When it comes to your child’s speech and language development, many parents find themselves asking, “what’s normal?”
Children progress at different rates, and determining whether your child is just a late bloomer or needs professional help isn’t always easy. We put together this informational guide to help you better understand speech delay, common signs and symptoms, how it’s treated, and more.
Speech and language skills begin with the slightest cooing of an infant. As the months pass, toddlers eventually begin to babble which soon progresses into one of the most joyous moments for a parent - their child’s first understandable words. A typical 2-year-old can say about 50 words and speak in two- and three-word sentences. By age 3, their vocabulary increases to as many as 1,000 words.
A speech delay is when a toddler doesn’t meet these typical speech milestones. It is a common developmental problem that affects as many as 10% of preschool children.
Because all children progress on their own timeline, it can be different for parents to tell whether their child is just a late talker (and will soon be chatting a million miles a minute), or whether there’s a serious problem that needs professional treatment.
This is why assessment and diagnosis by a certified speech-language pathologist (SLP) is so important. Speech delays can be effectively treated, and research has shown that earlier interventions lead to better outcomes.
Yes. While speech delays and language delays are often confused and difficult for untrained professionals to tell apart, there are important differences.
Speech is the physical act of producing sounds and saying words. A child with a speech delay is often difficult to understand. While they may use words and phrases to express ideas, they often have trouble forming the correct sounds. The inability to interpret your child can be frustrating and disheartening for a new parent.
Conversely, a toddler with a language delay may make the correct sounds and pronounce some words, but they can’t form phrases or sentences that make sense.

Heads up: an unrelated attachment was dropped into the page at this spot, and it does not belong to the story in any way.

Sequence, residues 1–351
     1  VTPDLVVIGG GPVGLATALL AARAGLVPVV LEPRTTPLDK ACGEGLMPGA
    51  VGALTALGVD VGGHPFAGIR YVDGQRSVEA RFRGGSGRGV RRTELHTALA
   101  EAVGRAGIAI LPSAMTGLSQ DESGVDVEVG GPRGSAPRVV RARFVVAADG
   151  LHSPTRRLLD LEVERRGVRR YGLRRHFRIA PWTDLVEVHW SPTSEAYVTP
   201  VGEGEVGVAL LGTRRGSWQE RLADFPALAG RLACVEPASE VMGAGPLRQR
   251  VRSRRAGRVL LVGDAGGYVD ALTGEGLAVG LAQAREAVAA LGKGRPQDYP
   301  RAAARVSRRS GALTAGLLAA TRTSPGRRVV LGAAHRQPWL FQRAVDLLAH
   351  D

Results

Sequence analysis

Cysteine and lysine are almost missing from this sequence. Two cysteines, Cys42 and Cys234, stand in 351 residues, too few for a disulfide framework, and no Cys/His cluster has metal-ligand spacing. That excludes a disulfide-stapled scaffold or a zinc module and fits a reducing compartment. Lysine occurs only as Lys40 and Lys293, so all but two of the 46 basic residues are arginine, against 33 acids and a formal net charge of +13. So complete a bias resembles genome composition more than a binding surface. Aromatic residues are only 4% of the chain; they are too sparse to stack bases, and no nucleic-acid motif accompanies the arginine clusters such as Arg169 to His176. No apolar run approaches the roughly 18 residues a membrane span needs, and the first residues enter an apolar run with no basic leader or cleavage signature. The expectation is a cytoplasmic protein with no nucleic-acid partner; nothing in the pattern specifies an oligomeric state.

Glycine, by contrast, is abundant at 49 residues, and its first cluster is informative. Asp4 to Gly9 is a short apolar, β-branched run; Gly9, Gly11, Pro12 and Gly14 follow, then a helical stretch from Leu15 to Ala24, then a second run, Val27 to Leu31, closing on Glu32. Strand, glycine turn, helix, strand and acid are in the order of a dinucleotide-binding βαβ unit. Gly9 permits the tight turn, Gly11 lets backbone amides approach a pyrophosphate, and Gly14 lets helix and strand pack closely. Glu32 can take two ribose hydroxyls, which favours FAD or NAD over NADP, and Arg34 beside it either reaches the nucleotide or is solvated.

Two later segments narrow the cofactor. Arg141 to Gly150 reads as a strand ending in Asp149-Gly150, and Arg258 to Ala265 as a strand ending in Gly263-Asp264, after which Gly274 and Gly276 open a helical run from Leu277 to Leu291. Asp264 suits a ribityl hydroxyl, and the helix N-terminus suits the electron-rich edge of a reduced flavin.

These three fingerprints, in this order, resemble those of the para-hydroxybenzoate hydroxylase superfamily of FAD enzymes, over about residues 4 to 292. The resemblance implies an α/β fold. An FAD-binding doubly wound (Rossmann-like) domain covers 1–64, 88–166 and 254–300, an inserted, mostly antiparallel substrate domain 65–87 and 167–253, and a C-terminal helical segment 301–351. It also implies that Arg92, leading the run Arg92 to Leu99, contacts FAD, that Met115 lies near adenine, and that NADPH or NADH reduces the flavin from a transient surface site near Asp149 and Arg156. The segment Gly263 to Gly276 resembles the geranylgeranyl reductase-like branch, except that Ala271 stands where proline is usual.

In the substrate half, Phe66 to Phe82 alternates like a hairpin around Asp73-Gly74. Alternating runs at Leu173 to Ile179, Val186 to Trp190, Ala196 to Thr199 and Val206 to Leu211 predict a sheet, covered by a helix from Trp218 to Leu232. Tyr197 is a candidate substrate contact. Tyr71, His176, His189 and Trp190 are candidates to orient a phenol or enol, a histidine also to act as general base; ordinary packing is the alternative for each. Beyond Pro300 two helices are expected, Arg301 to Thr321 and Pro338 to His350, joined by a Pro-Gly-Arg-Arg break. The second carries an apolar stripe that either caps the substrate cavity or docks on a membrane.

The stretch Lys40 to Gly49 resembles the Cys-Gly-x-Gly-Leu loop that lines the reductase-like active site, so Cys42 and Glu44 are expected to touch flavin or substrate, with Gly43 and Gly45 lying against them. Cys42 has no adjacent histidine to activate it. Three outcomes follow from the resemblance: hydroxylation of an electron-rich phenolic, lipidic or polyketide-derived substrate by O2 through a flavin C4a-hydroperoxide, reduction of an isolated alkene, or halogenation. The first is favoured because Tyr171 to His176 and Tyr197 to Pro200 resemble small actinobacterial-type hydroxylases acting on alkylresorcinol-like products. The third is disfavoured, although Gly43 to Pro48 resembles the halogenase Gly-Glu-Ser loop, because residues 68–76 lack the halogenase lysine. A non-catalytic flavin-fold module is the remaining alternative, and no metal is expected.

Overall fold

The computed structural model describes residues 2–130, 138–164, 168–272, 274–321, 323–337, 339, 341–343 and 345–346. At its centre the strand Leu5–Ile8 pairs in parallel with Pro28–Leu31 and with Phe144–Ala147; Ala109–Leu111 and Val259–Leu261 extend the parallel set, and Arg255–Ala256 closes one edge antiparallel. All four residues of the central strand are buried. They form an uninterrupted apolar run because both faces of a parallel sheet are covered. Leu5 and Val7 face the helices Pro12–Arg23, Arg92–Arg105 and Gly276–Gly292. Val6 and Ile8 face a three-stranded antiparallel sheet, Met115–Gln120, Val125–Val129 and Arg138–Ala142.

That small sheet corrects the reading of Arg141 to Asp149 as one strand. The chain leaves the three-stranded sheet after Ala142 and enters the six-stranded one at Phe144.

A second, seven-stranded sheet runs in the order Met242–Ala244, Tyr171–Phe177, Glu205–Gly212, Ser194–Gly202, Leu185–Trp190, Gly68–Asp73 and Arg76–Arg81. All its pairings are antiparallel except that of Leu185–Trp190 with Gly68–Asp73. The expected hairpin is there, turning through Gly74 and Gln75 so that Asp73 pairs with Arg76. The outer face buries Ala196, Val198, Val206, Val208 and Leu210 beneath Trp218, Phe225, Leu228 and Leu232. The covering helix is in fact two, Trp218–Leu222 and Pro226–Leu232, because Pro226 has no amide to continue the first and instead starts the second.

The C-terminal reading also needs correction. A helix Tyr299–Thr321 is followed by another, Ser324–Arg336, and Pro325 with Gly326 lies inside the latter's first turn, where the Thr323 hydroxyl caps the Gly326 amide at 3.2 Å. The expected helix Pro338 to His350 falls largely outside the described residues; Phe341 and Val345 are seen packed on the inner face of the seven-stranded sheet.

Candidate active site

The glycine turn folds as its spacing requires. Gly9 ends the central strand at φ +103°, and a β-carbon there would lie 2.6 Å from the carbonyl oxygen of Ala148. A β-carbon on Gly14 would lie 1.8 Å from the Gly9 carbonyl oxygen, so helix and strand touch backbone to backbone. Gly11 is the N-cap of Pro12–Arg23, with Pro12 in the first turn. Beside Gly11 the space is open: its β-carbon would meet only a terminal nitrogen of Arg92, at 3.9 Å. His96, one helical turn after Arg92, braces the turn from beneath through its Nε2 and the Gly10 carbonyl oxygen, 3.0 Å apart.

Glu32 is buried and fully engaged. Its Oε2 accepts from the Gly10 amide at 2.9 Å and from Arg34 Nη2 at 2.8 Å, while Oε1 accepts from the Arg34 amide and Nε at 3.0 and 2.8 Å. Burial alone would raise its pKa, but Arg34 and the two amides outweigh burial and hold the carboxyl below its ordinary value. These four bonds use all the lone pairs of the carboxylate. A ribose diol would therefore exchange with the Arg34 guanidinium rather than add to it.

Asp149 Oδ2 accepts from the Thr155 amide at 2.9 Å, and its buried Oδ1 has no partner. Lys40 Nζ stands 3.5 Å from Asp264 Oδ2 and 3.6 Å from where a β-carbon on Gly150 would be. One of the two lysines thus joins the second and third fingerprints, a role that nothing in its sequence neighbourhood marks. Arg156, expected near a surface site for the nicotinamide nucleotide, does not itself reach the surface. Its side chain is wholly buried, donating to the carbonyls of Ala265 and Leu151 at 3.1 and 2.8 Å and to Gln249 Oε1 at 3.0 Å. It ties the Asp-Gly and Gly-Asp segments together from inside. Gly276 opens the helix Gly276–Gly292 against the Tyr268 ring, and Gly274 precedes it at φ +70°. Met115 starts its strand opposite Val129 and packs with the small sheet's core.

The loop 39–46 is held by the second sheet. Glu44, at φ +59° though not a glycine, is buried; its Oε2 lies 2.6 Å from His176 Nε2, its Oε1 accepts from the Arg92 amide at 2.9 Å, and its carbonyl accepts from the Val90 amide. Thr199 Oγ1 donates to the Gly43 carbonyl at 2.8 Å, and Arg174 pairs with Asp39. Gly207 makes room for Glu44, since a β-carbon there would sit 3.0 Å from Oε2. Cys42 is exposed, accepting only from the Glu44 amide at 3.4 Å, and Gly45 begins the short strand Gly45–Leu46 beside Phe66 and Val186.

Some children have either a speech delay or language delay, and some have both. Distinguishing between the two is important as it will inform treatment decisions. If you think your child may have a speech or language delay, it’s important to seek help from a speech language pathologist. They’re the most qualified professional to administer an evaluation and diagnosis.
As mentioned, it’s hard for parents to know if their child is taking a bit longer to reach a speech or language milestone, or if there's a deeper problem that needs attention. The table below highlights common signs and symptoms by age group of speech delays.
By 12 months
By 18 months
By 24 months
By 36 months
If your child might have a problem, it's important to see a healthcare provider or speech-language pathologist. During the initial evaluation, they will ask about your toddler’s speech and language capabilities, as well as other developmental milestones and behaviors to make the appropriate diagnosis.
More specifically, your SLP will evaluate:
Based on the results, the SLP may recommend speech therapy for your child.
A speech delay may mean that your child’s timetable is a little different and they’ll eventually catch up. But speech or language delays can also tell something about your child’s overall physical and intellectual development. Here are some common underlying causes of speech delays.
Numerous studies show parents play an essential role in helping their child reach their speech and language goals. Parents spend the most time with their child, and considering children learn to communicate during everyday activities and conversations, no one is better positioned to help improve their speech delay.
Speech-language pathologists should empower parents to take a more active role in their child’s progress, teaching them strategies, cues, and corrections that can be practiced daily. Additionally, Expressable has developed several instructional videos with helpful at-home exercises to get started.
Expressable matches families with a certified speech therapist trained to effectively evaluate and treat speech delays and disorders. All therapy is delivered online via face-to-face video conferencing
Your child’s age and development will influence how your speech therapist interacts with them through these video chat capabilities.
Ages 0-3: Parents work directly with their speech therapist to learn cues and at-home strategies so they can confidently practice with their child outside the session and improve their communication. For more information on the importance of parental involvement in their child’s speech therapy, click here.
Ages 3-6: Parents attend video sessions alongside their child so they both learn valuable skills from their speech therapist. Reinforcing these lessons outside the session will continue to promote at-home skill building.
Ages 7 and Up: Most children attend video sessions independently but parents are kept in the loop with updates and tips during each session.
Expressable is an online speech therapy practice committed to expanding access to quality services for everyone with a communication disorder. Expressable has pioneered a parent-focused care model that uses technology and education to integrate speech therapy techniques into children’s daily lives, improving outcomes and experiences.